Plaintiff argues the ALJ's decision is defective for four reasons: (1) “[t]he ALJ erred by omitting/rejecting the medical opinions of Dr. Anderson, treating neurologist/sleep specialist” (doc. 14 at 9-20); (2) the ALJ erred by crediting two non-examining physician opinions with significant weight (id. at 20); (3) “[t]he ALJ erred by rejecting [Plaintiff's] symptom testimony” (id. at 22-27); and (4) the ALJ erred “by not finding cataplexy and hypersomnia were ‘severe'” medical impairments at step two (id. at 9 n.5). The Court will address each argument below;

b. Weighing of Medical Source Evidence.

         Plaintiff first argues that the ALJ improperly weighed the medical opinions of his treating physician, Dr. Troy Anderson, and examining physicians Drs. Larry Nichols, and Brian Briggs.

         1. Legal Standard.

         The Ninth Circuit distinguishes between the opinions of treating physicians, examining physicians, and non-examining physicians. See Lester v. Chater, 81 F.3d 821, 830 (9th Cir. 1995). Generally, an ALJ should give greatest weight to a treating physician's opinion and more weight to the opinion of an examining physician than to one of a non-examining physician. See Andrews v. Shalala, 53 F.3d 1035, 1040-41 (9th Cir. 1995); see also 20 C.F.R. § 404.1527(c)(2)-(6) (listing factors to be considered when evaluating opinion evidence, including length of examining or treating relationship, frequency of examination, consistency with the record, and support from objective evidence). If it is not contradicted by another doctor's opinion, the opinion of a treating or examining physician can be rejected only for “clear and convincing” reasons. Lester, 81 F.3d at 830 (citing Embrey v. Bowen, 849 F.2d 418, 422 (9th Cir. 1988)). A contradicted opinion of a treating or examining physician “can only be rejected for specific and legitimate reasons that are supported by substantial evidence in the record.” Lester, 81 F.3d at 830-31 (citing Andrews, 53 F.3d at 1043).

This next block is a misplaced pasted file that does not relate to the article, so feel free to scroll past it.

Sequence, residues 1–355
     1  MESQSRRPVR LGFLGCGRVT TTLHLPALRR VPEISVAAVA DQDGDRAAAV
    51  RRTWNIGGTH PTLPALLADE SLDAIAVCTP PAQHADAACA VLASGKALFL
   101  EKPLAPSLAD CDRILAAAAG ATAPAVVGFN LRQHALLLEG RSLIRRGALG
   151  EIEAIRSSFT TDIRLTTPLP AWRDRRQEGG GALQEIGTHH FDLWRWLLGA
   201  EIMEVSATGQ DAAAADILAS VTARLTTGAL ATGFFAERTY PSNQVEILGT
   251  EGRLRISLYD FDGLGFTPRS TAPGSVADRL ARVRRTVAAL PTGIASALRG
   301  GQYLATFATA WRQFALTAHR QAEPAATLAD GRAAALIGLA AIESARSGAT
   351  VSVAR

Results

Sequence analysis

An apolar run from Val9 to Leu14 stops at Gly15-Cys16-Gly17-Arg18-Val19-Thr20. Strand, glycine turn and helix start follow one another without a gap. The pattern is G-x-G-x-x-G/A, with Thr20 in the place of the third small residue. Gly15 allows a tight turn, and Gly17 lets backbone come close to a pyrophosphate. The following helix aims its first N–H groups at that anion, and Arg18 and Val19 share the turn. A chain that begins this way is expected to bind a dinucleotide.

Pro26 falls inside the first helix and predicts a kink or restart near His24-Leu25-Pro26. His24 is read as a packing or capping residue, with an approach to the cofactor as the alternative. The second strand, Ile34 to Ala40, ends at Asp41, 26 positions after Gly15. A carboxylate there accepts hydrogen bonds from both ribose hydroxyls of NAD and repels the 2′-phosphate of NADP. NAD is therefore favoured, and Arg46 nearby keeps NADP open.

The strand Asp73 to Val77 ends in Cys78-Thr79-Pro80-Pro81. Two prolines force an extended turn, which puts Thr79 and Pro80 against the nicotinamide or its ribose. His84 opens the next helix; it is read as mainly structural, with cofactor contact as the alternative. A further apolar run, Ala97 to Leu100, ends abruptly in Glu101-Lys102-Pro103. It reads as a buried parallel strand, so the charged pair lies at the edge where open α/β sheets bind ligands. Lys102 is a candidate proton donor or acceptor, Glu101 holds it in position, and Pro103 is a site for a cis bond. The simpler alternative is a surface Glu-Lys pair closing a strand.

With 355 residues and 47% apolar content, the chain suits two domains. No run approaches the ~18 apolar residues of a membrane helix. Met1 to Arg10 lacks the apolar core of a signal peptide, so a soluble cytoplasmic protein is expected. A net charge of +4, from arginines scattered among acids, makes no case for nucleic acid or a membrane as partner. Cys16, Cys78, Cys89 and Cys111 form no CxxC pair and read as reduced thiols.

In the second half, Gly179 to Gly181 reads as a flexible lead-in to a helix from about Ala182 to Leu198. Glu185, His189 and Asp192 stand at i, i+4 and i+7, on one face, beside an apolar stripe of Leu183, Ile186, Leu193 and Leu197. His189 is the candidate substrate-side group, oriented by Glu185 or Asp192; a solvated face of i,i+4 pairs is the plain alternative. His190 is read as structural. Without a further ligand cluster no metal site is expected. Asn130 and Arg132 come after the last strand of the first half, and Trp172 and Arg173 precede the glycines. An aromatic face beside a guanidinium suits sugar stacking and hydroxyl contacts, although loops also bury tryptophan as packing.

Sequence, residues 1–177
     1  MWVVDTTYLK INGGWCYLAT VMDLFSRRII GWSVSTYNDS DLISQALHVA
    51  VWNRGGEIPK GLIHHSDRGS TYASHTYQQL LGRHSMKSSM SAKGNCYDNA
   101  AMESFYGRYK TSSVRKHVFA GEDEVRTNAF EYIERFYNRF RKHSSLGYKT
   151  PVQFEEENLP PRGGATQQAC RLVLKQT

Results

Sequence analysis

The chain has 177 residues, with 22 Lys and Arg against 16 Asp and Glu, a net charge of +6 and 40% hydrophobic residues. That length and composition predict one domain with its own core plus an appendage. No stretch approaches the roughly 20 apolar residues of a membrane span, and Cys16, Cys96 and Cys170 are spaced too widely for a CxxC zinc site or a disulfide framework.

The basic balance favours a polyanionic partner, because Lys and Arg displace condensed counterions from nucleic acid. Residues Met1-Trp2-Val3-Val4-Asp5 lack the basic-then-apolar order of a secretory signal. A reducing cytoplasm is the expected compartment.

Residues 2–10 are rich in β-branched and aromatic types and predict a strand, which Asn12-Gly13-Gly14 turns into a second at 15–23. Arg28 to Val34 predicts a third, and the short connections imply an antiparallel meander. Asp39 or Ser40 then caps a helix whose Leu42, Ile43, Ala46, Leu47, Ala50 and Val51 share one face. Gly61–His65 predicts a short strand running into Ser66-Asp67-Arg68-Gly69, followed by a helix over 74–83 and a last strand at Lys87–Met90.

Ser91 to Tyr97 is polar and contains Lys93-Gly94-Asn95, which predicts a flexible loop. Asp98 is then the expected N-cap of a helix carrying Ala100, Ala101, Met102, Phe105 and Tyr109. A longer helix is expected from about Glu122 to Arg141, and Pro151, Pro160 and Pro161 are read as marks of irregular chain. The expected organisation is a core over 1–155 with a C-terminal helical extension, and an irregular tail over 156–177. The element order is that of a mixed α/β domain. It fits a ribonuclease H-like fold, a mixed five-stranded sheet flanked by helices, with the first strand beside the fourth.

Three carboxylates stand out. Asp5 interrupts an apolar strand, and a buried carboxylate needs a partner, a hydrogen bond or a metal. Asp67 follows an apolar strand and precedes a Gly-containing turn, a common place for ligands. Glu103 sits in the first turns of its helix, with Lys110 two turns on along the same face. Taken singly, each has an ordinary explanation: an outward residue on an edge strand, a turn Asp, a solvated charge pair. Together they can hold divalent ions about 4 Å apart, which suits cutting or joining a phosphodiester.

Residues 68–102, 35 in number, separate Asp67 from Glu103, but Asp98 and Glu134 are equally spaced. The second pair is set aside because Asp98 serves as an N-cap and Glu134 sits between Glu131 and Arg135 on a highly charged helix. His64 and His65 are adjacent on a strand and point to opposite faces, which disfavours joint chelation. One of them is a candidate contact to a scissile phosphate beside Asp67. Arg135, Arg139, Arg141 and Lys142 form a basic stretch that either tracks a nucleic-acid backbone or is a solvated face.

An ALJ can meet the “specific and legitimate reasons” standard “by setting out a detailed and thorough summary of the facts and conflicting clinical evidence, stating his interpretation thereof, and making findings.” Cotton v. Bowen, 799 F.2d 1403, 1408 (9th Cir. 1986). But “[t]he ALJ must do more than offer [her] conclusions. [She] must set forth [her] own interpretations and explain why they, rather than the doctors', are correct.” Embrey, 849 F.2d at 421-22. The Commissioner is responsible for determining whether a claimant meets the statutory definition of disability and does not give significance to a statement by a medical source that the claimant is “disabled” or “unable to work.” 20 C.F.R. § 416.927(d).

         2. Dr. Troy Anderson, M.D.

         A. Treatment History and Medical Opinions.

         Dr. Anderson is a neurologist and sleep specialist who treated Plaintiff from 2011 through 2016. (AR 238-66, 273-96, 385-93, 301-02, 691-713.) Dr. Anderson rendered eight medical opinions on Plaintiffs functional limitations during that time frame: